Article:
Thursday, August 23, 2012

Life as a Consultant: My Brain Hurts

When I woke up this morning, I was pondering how to produce a custom Statement report for a client.  They want a statement that shows outstanding receivables balances, but also shows original amounts from a SOP invoice, such as gross amount, markdown amount, and net amount.  And they also want to see the total amount of payments applied to each invoice.  And they want to see any 'adjustments' made to the SOP invoice by means of other adjusting invoices or returns.  Oh, the outstanding balances also need to be in aging columns on the statement.  And did I mention that they don't actually want transaction level detail?  The data needs to be summarized by a special transaction grouping, where multiple invoices may be included in the group.  Oh, and the data on the report needs to also be provided to the customer as a CSV file.  Because the report and CSV file need to be automatically e-mailed to the customer.

It makes business sense, but it's a mind bending exercise trying to figure out how to get all of that information onto a single report.  There is a slightly complex custom SQL view.  Then there is a Crystal Report with some wacky formulas and running totals and groups.  Then I have to automatically generate the CSV files.  Then there is Liaison Messenger EDD for distributing the reports and files via e-mail.  It's a handful.

After working on that for a while, I checked on the status of a test EFT transaction that a client sent from GP.  Thankfully the payment went through okay, despite the several bugs in the GP 2010 CCD+ ACH file formats.

Then at 10am I deployed some changes to a custom PO Export application for another customer.  The trading partner that is receiving the PO files has some interesting limitations with their custom system, so the client and I are having to reverse engineer their system behavior to figure out how to send new POs, changes to PO lines, partial line quantity cancellations, and then full line cancellations.  It looks like we may have to send PO line quantity updates net of any receipts that have occurred.  So if they originally had quantity of 20 on the PO, changed the quantity to 15, but have already received 9, but then cancel the line, I may need to send a cancellation for quantity of 6.  Make sense?  Fun stuff.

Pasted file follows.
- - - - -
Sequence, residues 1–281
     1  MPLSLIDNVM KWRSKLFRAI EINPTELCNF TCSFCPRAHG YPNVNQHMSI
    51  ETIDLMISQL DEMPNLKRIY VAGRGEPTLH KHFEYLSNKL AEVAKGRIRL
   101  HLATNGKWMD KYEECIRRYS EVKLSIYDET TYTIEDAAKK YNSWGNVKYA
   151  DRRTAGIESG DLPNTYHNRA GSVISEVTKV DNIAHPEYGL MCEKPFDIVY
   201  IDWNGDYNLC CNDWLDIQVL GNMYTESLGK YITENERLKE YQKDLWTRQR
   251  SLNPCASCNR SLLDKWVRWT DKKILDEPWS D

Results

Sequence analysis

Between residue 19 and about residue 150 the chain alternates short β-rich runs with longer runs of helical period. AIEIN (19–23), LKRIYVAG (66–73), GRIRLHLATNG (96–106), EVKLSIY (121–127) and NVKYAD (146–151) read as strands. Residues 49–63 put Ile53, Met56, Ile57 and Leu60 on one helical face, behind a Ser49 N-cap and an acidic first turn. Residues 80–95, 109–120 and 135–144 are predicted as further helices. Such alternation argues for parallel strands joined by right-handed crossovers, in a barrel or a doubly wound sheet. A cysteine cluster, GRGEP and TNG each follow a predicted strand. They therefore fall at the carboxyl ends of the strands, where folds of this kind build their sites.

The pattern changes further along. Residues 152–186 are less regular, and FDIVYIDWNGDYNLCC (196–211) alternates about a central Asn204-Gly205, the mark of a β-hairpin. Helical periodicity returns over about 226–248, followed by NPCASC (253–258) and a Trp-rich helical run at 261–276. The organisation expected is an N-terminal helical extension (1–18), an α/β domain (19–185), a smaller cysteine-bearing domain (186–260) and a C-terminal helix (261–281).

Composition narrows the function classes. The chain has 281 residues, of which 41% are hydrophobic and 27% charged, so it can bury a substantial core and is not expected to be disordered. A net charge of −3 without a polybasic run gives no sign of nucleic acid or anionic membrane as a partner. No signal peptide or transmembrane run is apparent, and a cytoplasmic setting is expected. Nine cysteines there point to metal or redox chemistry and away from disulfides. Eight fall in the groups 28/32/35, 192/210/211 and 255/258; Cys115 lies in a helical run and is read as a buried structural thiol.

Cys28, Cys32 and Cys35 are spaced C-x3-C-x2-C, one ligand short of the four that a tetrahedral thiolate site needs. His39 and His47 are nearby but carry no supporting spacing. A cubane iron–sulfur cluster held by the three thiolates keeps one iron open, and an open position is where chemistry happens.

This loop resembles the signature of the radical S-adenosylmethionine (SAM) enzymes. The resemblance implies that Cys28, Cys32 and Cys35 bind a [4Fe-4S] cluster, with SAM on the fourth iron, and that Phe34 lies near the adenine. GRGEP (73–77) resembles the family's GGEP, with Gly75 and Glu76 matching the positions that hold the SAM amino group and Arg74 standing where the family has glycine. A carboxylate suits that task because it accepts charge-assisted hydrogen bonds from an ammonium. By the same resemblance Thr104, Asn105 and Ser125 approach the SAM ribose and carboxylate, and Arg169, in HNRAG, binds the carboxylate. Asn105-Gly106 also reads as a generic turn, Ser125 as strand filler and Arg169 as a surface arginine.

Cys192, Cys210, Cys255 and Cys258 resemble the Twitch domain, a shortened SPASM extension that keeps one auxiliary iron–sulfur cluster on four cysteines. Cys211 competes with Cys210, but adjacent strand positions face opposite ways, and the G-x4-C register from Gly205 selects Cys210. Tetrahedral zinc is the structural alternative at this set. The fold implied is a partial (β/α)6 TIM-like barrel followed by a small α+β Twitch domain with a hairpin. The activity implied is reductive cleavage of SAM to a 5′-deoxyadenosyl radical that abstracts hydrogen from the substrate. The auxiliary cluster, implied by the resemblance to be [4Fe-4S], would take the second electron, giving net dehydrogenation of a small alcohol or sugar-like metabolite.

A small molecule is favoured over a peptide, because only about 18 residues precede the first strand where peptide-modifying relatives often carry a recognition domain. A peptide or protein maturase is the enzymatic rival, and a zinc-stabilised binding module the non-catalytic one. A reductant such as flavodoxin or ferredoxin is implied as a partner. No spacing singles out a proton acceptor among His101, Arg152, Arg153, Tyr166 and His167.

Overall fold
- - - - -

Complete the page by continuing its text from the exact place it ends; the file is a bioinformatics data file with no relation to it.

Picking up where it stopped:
Then back to the custom Statement for 90 minutes.

Then at noon I had a call with another client that is having two GP issues.  I developed a moderately complex custom order import application that automatically creates SOP orders and purchase orders for inventory items, non-inventory items, and drop ship items, all simultaneously.  It seems that SOP/POP linking doesn't work properly with these imported SOP orders and purchase orders in GP 2010 for some reason, so there may be an issue with eConnect 2010.  To help save them time, I'm going to add the ability to automatically link certain SOP lines with the PO lines.  Unfortunately, eConnect does not allow you to link a SOP line item with an existing PO or PO line, so that has to be developed from scratch.  And they are also using another small customization that I wrote for them that isn't playing well with their Nodus CCA credit card processing module, so I need to make some changes there as well.

Then another call to discuss some new requirements for the PO Export I just updated.

Then back to the custom Statement report.

And next up, I have a call with another client to assist with a GP 2010 SP3 upgrade, since an eConnect GL JE import that I developed is getting an error due to an SP1 bug.  So what should have been a very simple integration deployment has turned into a GP SP upgrade before we can even resume testing of the integration.